Saturday, July 26, 2008

Make It Stop!

Almost forgot... earlier today, I added Splotchy's "Go Away, Bush" counter. Just click your mouse on his ugly mug, and you will be redirected to the counter. It takes a few seconds for the newly-incremented count to come up, but it's worth the wait. The number is rapidly approaching 2000. I'd like to see it , oh, a million times larger than that by election day.

I had been putting off adding the picture and link because I didn't know how to link the picture to the destination address. Turns out (just like everything else on these machines [with the exception of Microsoft ware]) it's much easier to do than I'd guessed. At least in Google's system, go to layout, then add a page element, then add a picture. (For the following, it'll help to have two pages open: one to your "layout" options, and the other to the increment page.) From the increment page, pic the most appealing portrait and right-click on it. Select "Properties" from the list, and the URL of that picture will be on the info panel. Copy and paste that URL into the source. For my current picture it's Alternatively, you can download your chosen picture onto your hard drive, then browse and choose that picture rather than simply pointing to it on the web.

After you add the picture, you have the option to fill in the destination URL- what you want the picture to link to. That would be Fill that in, hit save and you're done. Except for poking your picture in the eyes, punching his nose, snapping his ears, bopping him on the head, or whatever abusive symbolism you choose to engage in. And it would be nice if you encourage other blogging friends to follow your example.

Oh, and stop by and thank Splotchy for coming up with the idea and following through.

As a Cold Chill Runs Down My Spine

Last night I figured out how to "do rss," but I don't know the lingo yet. I'm having fun transferring my favorite blogs to rss feed, and picking up some new stuff. Funny how in 5 minutes of reading, you suddenly find you've got 10 minutes more reading than you did when you started. People are leaving me comments, I'm leaving other people's posts comments, I'm signing up for and visiting a fairly predictable cross-section of sites, and on and on.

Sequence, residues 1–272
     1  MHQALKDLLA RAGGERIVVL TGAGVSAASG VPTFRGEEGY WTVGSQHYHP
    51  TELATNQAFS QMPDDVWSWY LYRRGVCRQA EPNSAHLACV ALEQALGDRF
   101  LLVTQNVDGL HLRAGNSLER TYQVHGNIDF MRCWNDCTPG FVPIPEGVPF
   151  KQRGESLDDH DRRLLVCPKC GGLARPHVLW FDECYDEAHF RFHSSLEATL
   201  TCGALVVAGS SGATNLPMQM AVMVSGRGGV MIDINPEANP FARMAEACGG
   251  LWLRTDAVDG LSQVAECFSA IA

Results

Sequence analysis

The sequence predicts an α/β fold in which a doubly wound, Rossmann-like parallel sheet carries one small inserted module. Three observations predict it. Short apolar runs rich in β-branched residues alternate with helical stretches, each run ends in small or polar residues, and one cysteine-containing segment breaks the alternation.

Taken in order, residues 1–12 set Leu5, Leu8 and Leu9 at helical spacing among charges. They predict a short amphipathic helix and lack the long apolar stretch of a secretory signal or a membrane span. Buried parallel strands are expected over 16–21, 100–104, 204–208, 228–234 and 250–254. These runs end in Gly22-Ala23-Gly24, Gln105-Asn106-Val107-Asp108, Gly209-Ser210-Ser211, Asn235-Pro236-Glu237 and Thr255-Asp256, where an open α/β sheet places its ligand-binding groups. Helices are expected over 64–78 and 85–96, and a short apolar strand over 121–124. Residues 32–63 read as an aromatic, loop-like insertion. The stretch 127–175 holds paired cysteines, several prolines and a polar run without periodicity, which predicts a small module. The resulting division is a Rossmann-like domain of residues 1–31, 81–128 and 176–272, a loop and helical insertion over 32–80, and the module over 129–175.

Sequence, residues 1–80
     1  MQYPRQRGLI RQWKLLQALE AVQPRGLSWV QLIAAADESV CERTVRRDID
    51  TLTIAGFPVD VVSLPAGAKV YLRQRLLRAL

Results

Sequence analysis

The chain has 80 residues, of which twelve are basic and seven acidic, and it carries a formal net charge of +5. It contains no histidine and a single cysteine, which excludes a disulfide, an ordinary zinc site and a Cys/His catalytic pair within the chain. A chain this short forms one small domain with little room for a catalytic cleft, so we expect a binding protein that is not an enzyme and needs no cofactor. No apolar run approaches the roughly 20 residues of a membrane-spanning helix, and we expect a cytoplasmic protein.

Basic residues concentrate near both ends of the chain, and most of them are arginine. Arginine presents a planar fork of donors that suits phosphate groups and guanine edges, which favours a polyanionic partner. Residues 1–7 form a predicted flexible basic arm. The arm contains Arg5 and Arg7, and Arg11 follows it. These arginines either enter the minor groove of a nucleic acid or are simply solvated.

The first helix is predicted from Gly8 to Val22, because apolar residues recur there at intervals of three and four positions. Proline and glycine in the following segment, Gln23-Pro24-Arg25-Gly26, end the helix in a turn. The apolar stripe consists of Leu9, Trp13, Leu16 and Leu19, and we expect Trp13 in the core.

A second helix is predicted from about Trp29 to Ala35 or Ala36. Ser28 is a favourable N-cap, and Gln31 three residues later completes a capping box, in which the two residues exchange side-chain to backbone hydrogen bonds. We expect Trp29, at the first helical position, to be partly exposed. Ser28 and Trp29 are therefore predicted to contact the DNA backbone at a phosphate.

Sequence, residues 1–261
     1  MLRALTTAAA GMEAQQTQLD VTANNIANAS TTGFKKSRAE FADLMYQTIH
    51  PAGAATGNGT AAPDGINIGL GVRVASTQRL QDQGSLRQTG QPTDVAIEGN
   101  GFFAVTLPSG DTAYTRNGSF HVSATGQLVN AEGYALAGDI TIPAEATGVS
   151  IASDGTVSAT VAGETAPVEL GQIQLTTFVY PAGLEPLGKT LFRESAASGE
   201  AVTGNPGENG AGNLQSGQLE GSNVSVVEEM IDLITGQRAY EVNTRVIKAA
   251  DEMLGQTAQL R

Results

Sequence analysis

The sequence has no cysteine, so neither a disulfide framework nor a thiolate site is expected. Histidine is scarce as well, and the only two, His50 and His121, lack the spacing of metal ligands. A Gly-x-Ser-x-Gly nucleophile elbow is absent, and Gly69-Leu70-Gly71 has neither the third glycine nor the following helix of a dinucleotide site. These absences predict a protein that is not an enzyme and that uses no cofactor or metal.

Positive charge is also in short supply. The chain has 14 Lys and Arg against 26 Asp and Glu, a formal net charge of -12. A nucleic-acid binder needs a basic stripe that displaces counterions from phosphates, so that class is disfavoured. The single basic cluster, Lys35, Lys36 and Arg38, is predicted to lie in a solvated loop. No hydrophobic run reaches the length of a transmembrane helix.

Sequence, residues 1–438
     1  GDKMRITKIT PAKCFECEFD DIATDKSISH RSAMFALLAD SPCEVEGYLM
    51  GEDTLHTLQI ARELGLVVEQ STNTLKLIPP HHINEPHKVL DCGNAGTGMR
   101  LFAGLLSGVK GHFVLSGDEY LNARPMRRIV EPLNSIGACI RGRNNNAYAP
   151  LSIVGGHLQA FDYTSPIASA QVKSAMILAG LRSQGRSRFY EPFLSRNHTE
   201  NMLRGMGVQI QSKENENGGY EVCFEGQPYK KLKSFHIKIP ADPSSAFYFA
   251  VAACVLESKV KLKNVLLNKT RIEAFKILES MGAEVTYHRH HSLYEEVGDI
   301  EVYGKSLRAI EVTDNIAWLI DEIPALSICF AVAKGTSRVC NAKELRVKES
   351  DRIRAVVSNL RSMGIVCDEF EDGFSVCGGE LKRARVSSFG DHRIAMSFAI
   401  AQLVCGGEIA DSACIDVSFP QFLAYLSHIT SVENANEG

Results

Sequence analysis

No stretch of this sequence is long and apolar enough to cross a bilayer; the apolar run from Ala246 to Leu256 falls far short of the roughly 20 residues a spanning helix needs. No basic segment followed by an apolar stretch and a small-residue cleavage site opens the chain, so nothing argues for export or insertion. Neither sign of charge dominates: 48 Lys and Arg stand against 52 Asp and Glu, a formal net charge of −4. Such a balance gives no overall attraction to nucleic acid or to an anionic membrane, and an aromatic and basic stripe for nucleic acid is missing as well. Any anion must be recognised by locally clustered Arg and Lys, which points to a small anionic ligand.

I'm creating quite the interwebs fingerprint.

Then I came across this...

Dear Citizen,

As you may know, under the Public Screening Act, all citizens are undergoing routine checks for anomalies. We do so through the use of public sources only, aggregating and mining your digital traces.

According to our findings, which are accurate in 99.5% of all cases -- thus legally qualifying as proof beyond reasonable doubt -- we have come to the following conclusions:

(Read the rest...)

You really should read the rest. I'm not sayin' we're going to go this way. I'm just sayin' it sounds wayyyyy too easy to go this way.

Thursday, July 24, 2008


I'm wiping up tears (literally). This is just too sweet. (Story here; see the attached news article for the full story)

Should Oil be Cheap?

Interesting article at Spiegel online today: it deals with the economic repercussions of expensive oil, with a refreshing emphasis on the upsides. (Part/page 1 should have a link to part/page 2, but here's both links in case) Economics is not really a zero-sum game, but it's often easy to forget that one person's problem is another person's opportunity. This piece is not trying to make the situation look rosy, but it does highlight some real positives and some real opportunities arising out of the current mess. One idea from my intro econ sequence that is re-emphasized for me is that the market doesn't necessarily dislike rising prices. What it really hates is uncertain prices. The article points out that with "expert estimates" (my quote marks) ranging from $75 to$200 per barrel over the next season or two, investments that would be a good deal at $100 per barrel are going unfunded.

Der Spiegel is roughly the German equivalent of the US's NYT. I signed up for their newsletter about a week and a half ago, and I've been pretty pleased. They tend to have one major story or theme they focus on each day, but they hit it from a variety of perspectives. One I really liked was a set on nuclear power. Germany under current law is required to go nuke-free over the next few years; as you might imagine, the energy price spike has a lot of people questioning that, but a lot of people adamant. Today's theme is Obama's speech. I haven't read those articles yet, but the headlines range from, He's clearly #44, to somewhat disparaging and dismissive. It's an interesting approach to reporting.

Here's their front page online. As I've said before, I like e-mail newsletters. You can sign up for theirs here.

Must Go Now

I sort of assumed the other day that everyone knew what LOLcats are. Turns out I wasn't actually the last person to find out about them. Here's some examples- follow the "more" links to literally thousands of these

This one had me in tears a bit ago
more cat pictures

This one sinks in slow... but that expression just gets funnier
more cat pictures

more cat pictures

This was the one that I first really cracked up over a couple of months back